M7906 and the Ashton top

Today I have a double garment post for y’all, featuring the McCall’s 7906 skirt and the Ashton top from Helen’s Closet. This outfit is a very late brain child of the Seamwork Design Your Wardrobe challenge – which took place back in February, and I never completed – but nonetheless has informed my sewing queue ever since.

If you haven’t tried the Design Your Wardrobe challenge, I highly recommend it. Or at least, I highly recommend the first part (which is the only part I finished). The basic idea is that you take the time to create a mood board of styles you are drawn to, and then try to find or identify a cohesive theme. After you figure out what the overarching motifs are, you name your future collection and use it as a basis to start planning what you will make next.

Things I learned from this exercise:

  1. What I thought was a long-dormant desire to fancy myself a cowgirl is in fact alive and well. Helloooooo cowgirl boot wearin’ 1st grade Miranda.
  2. Even though I still love the 20s-40s vintage aesthetic (thank you Downtown), my sweet spot is really where americana meets romantic silhouettes.
  3. Apparently I love belts??? And yet, at the time of this exercise – I owned no belts. We are slowly remedying that.

What did I name my collection, you might ask? Desert Rose. You know, like Kate Winslet in Titanic, but specifically that last scene where you get the shot of her on a horse & living her best post-Titanic life. I like to imagine that Rose moved somewhere to the southwest, still wore fancy vintage clothes, but struck a less ostentatious vibe and instead went a little more yeehaw. Basically, I let my imagination fill in the gaps on this Pinterest board.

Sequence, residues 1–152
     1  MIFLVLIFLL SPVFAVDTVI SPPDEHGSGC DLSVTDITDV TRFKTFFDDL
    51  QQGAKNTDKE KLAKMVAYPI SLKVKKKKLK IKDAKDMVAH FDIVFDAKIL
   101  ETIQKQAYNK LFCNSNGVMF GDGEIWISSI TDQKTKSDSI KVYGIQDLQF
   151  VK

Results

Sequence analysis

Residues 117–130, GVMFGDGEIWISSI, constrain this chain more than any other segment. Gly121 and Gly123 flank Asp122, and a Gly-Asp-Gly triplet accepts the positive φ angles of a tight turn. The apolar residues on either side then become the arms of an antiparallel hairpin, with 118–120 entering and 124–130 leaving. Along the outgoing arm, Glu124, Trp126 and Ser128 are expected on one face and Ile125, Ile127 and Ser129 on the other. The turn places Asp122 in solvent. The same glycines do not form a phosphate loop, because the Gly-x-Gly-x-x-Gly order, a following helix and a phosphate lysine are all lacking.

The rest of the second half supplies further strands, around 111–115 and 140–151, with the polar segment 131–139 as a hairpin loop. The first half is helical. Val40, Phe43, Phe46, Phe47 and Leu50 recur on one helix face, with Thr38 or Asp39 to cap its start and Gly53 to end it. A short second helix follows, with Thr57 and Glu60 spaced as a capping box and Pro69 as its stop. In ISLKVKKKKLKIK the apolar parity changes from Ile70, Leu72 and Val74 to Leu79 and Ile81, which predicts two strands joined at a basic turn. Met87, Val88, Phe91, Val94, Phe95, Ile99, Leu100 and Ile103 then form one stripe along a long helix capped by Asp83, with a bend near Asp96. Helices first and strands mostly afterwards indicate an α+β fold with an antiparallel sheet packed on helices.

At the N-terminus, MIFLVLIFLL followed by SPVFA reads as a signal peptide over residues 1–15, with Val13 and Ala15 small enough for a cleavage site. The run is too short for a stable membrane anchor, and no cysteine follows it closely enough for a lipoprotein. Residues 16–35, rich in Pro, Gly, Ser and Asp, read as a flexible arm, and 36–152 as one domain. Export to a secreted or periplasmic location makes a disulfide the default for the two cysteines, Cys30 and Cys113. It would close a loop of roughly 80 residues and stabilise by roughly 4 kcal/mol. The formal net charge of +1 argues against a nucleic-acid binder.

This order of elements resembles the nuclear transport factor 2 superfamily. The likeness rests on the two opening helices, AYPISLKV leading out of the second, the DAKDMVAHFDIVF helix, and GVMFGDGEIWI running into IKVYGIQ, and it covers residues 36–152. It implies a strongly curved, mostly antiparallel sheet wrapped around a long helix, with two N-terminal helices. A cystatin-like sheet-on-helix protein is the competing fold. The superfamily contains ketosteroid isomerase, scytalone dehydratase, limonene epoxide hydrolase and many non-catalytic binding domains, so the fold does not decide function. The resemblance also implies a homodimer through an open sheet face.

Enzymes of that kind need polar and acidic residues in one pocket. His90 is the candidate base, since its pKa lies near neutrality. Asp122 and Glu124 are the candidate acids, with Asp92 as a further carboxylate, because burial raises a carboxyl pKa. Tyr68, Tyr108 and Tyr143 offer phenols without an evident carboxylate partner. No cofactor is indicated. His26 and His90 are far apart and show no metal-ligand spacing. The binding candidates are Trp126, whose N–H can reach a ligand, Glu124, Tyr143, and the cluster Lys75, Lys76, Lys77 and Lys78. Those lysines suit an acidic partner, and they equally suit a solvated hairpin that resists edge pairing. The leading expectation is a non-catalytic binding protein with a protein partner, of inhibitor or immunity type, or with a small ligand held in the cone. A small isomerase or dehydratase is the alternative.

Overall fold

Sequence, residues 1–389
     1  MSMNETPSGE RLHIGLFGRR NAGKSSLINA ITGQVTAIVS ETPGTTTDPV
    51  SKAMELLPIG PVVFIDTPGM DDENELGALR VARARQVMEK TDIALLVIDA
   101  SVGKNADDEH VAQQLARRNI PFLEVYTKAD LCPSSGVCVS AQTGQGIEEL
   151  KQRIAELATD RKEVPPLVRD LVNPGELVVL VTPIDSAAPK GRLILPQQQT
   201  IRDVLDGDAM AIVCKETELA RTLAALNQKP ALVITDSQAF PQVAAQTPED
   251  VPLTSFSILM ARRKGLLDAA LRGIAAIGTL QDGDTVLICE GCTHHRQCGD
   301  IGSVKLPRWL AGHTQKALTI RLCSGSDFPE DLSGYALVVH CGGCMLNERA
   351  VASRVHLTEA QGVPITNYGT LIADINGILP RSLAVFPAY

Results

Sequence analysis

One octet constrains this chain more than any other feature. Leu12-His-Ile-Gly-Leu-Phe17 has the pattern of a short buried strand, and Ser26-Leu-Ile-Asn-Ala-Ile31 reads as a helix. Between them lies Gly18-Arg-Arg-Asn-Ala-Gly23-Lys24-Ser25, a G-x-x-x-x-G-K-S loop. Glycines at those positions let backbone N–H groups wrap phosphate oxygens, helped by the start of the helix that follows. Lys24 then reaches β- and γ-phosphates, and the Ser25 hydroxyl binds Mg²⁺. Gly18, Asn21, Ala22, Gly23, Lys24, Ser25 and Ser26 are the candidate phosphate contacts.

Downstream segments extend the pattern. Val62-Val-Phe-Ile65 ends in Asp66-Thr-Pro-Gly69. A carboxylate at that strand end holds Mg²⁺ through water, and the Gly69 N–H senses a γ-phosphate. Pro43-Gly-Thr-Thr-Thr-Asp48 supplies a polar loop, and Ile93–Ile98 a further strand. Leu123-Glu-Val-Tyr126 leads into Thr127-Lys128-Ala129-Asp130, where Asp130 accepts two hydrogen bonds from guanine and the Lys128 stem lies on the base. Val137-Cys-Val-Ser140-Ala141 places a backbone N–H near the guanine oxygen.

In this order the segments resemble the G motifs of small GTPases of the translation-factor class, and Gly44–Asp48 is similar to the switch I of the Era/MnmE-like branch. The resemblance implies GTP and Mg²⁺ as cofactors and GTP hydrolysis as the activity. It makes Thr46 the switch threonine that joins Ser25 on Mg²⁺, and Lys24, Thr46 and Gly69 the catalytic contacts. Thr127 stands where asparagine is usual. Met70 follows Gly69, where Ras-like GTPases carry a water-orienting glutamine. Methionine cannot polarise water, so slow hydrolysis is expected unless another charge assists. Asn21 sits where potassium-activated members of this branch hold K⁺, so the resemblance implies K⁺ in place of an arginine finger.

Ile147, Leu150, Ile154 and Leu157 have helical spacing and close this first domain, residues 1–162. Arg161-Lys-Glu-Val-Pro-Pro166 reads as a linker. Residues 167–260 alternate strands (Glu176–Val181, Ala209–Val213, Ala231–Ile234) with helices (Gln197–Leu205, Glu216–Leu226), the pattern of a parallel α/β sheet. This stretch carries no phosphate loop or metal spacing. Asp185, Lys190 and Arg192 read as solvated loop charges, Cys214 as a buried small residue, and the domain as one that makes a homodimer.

Let the record show that yes, Titanic is my favorite movie. Don’t @ me cuz no, I’m not ashamed.

Anywho! Back to the topic at hand, which uhhh . . . is not Kate Winslet and my photoshopped tangent but actually the two sewing projects I referenced in the title.

Like the McCall’s M7906 skirt! I think this is a fantastic pattern that would be beautiful in just about any fabric, but when I came across this kitschy horse tech fabric at my local discount fabric store – I knew some Desert Rose wardrobe dreams were about to come true.

The pinterest post that inspired my skirt. Friggin horses, amirite?!